Saturday (2/15): Partly cloudy, highs in the mid-20s, westerly winds of 10-20 mph, gusts to 50 mph.
Sunday (2/16): Partly cloudy, possible snow, highs in the mid-30s, southwesterly winds of 10 mph, gusts to 40 mph.
The last seven days have been incredible. 3-4 feet of snow in our backcountry patrol zone. The next week probably won’t bring such big totals, but there is snow in our future.
A small system is in store for Wednesday / Thursday. The WRF Model is the most optimistic model on this system with 4½” of snow forecasted. The Canadian Model and American Models are both predicting 2.5”, and the European Model is predicting 1”.
Then, a system sweeps past us to the north on Saturday, which may bring a touch of snow early on Saturday. The next significant system moves in either on either on Sunday (per the European Model), Monday (per the American Model), or not at all (per the Canadian Model). Here are the model forecasts as of now for this President’s Day system: 8” per the American Model, 5” per the European Model, 1” per the Canadian Model. Let’s hope the American Model is calling it better, as the American Model has all the ingredients for a decent storm except staying power, i.e., the storm has both easterly winds and lots of moisture.
But, I’m getting ahead of myself. Back to this weekend. The American Model has clearing weather on Saturday and calls for a sunny Sunday until Sunday night when the President’s Day system begins to approach. The Canadian Model, on the other hand, calls for both days to be partly cloudy, and the Monday system to not be significant. At least both models agree on temperatures and winds. The European Model, however, brings the storm in on Sunday.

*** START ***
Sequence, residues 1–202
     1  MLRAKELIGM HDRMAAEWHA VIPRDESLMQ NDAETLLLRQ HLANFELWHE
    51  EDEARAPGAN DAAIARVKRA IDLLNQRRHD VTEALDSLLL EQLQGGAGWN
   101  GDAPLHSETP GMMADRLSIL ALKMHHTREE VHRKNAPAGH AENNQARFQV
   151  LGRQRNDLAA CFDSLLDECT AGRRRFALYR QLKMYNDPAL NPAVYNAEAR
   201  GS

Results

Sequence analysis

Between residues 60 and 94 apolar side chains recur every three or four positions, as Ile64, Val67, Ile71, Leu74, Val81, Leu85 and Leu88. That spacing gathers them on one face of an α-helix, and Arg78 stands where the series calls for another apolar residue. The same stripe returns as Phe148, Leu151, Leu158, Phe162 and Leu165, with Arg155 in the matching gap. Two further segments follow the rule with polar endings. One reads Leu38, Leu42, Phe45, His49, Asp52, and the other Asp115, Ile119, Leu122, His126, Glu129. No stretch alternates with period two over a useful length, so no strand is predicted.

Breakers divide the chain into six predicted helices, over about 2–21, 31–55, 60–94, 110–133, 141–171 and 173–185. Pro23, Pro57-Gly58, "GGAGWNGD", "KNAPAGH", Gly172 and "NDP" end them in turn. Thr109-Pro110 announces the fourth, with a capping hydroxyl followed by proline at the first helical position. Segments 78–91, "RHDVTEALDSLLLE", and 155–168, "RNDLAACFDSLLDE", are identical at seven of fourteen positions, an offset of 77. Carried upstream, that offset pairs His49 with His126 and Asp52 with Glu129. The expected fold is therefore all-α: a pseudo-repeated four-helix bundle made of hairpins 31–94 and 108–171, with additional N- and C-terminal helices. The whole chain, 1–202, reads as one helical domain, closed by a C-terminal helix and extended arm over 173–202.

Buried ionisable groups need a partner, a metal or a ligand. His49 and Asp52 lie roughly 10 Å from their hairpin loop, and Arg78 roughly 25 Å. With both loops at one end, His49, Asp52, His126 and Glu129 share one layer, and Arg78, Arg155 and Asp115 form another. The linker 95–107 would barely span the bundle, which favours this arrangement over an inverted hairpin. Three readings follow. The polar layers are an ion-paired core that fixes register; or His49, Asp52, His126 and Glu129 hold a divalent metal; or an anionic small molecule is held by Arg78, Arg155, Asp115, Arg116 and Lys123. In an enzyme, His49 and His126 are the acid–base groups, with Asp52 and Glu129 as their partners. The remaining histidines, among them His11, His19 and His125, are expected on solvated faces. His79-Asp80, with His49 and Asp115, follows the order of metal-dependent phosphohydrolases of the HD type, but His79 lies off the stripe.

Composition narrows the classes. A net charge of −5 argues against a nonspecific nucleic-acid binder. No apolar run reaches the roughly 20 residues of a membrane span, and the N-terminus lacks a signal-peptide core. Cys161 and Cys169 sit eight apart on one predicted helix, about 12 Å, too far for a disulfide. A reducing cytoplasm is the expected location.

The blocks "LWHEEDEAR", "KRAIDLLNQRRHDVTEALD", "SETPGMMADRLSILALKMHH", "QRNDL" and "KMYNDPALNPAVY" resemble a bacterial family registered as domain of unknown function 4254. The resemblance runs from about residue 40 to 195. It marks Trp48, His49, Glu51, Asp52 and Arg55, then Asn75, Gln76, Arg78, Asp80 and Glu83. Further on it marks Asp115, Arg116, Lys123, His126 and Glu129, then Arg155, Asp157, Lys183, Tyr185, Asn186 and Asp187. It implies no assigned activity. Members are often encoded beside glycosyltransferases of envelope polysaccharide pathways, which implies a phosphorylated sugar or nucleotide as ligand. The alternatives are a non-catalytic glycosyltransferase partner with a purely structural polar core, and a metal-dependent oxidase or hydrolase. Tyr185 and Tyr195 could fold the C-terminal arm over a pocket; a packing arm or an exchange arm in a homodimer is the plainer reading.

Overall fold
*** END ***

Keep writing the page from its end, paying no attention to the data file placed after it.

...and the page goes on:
Looking back, I did an entire post on the differences between the predictions for the Thursday to Saturday storm and what actually happened. So, let’s just take a look at the Saturday night to Sunday night storm. Eldora reported 10” – which doesn’t sound unreasonable as skiing the south side of Bryan Mountain seemed like about 6” fresh around 12:30 pm Saturday, and it was still snowing significantly at that time. How did the various models do? The WRF Model did a pretty good job of predicting 7”, i.e., 70% of the reported total. The Canadian Model’s prediction of 5” (i.e., 50% of the reported total) wasn’t exactly good, but the other model’s predictions (3” per European Model, 2.5” per American Model, and 2” per NAM Model) were atrocious. For what it’s worth, it was also significantly warmer on Sunday than predicted – highs in the low 20s as opposed to about 10 degrees. Roughly 2½” of snow fell Monday night, which was in line with model forecasts.
-Jordan (Tuesday afternoon)
Note: Unless otherwise noted, all forecasts are for 10,000’ in exposed areas. References to American Model are the American (GFS) Model. References to the Canadian Model are the Canadian (GDPS) Model. References to the WRF Model are the CAIC WRF Hi-Res Model. References to the European Model are the European (ECMWF) Model.